Abbie’s struggled with mental health for most of her life. Art has played an important part in her recovery. Now, she wants to inspire others to get creative to support their mental health.
My name is Abbie, and I have chosen to hold a small Crafternoon at my house to fundraise for the amazing charity Mind.
I have struggled with mental health for most of my life. I was on the national eating disorder network for a period of time. I have also had CBT and exposure therapy for social anxiety when I was 12. When I was 13, my psychiatrist suggested I may have bipolar disorder. When I was 14, I went through repeated trauma over two months. Soon after, I was sent inpatient around 100 miles away from home. This was awfully traumatic for me and my family, as I was so young in age and we were all so unaware about mental illness. While I was an inpatient, I discovered painting in an art class held on the ward. Then, that was it, everything changed.
Art became my only healthy coping mechanism for a long time, and through another four inpatient admissions it has really helped made a difference to me, giving me a positive outlet for my extreme emotions with bipolar II.
Painting and crafts became my brilliant brand new form of coping with dark, suicidal thoughts and replaced destructive behaviours.
"Painting and crafts became my brilliant brand new form of coping with dark, suicidal thoughts and replaced destructive behaviours."
On my second admission in a different hospital, also miles and miles away from home, there was a pottery class every Thursday. I looked forward to this and it helped to take out my anger from PTSD and frustration from being sectioned. A friend I met in the psychiatric hospital also did a lot of amazing artwork, which also inspired me a lot. I also did occupational therapy in hospital, where I did a huge canvas with a flower made up of scrap paper with my therapist, and many more projects. It was a great outlet for me, and I would recommend occupational therapy through art to anyone suffering with mental illness who has a lack of motivation.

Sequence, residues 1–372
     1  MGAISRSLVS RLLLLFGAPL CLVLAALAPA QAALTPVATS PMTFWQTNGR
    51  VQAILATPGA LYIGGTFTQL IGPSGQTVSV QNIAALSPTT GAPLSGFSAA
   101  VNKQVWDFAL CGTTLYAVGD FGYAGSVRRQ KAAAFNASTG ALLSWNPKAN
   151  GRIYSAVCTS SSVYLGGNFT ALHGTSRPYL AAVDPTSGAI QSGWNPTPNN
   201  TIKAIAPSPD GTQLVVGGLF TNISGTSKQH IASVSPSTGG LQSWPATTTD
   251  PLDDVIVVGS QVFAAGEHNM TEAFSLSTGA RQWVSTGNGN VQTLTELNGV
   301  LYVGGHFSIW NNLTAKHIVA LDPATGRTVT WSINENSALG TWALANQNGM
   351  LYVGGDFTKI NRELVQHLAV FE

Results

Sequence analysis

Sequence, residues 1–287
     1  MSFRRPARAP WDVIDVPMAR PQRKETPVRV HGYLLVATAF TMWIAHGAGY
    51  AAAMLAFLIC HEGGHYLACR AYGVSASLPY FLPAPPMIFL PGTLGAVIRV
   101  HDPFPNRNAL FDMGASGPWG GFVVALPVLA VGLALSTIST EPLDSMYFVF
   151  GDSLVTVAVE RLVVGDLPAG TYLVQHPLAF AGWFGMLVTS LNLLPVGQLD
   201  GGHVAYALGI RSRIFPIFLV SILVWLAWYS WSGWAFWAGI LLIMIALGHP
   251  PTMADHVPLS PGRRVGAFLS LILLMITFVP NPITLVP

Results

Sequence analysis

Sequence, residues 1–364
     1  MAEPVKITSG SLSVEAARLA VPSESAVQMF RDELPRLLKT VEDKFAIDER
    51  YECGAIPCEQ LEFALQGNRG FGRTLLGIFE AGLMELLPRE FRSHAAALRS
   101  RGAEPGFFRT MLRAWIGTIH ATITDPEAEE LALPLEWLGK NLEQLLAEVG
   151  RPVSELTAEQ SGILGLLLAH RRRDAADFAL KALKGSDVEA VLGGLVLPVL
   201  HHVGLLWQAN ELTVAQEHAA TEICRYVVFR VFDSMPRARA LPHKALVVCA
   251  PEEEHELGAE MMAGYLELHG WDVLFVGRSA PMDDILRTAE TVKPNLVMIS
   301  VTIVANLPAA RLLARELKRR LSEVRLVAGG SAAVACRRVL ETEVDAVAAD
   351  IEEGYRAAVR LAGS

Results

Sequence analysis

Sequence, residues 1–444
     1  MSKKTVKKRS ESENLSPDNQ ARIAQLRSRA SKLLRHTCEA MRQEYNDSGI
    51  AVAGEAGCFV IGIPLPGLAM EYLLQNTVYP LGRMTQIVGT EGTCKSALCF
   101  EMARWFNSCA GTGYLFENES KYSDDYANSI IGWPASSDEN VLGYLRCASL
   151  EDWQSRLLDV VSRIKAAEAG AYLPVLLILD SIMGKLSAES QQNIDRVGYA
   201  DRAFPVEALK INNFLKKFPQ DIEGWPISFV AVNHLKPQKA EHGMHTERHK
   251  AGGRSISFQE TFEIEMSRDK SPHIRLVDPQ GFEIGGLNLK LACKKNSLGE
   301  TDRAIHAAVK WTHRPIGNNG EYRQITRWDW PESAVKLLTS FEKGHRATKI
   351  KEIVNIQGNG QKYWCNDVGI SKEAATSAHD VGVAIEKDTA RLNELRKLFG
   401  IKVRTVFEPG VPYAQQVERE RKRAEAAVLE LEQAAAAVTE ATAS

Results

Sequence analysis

"It was a great outlet for me, and I would recommend occupational therapy through art to anyone suffering with mental illness who has a lack of motivation."
For me, going through the process, seeing the result reminded me of my recovery. I decorated boxes and books, painted skylines, and drew and painted so many Disney characters on canvases! My favourite to paint was chip from beauty and the beast.
I wanted to fundraise for Mind to help make a difference to people’s lives for the better. Alongside the Crafternoon, I am also doing a sponsored walk with my dad, and a cake sale at my school. In my Crafternoon we are decorating flower pots, and planting seeds in them and watching the flowers grow, creating a lasting reminder of the day.
I am holding a Crafternoon to inspire others to participate in art projects to make a difference to their mental health and inspire the participants to be more creative. I am also holding a Crafternoon to raise awareness about all mental health issues, and the behaviours (e.g. self harm) that come along with them for some people, to try and encourage people to understand them more.
The idea of holding a Crafternoon makes me feel like I can make a difference to people and can use my new skills to help others.
"The idea of holding a Crafternoon makes me feel like I can make a difference to people and can use my new skills to help others."
I would like to study to be a clinical psychologist so I can help others like me get well again.
I would like to say to other Crafternooners a huge good luck and well done for bringing awareness to such an amazing cause, and that you’re not alone. Try and enjoy your day on the 20th of July.
If you're struggling with any of the issues raised in this blog, take a look at our information pages.
If you'd like to get crafty for better mental health, find out more about Crafternoon.
Read about Information and support
When you’re living with a mental health problem, or supporting someone who is, having access to the right information - about a condition, treatment options, or practical issues - is vital. Choose one of the options below to find out more.
Blogs and stories can show that people with mental health problems are cared about, understood and listened to. We can use it to challenge the status quo and change attitudes.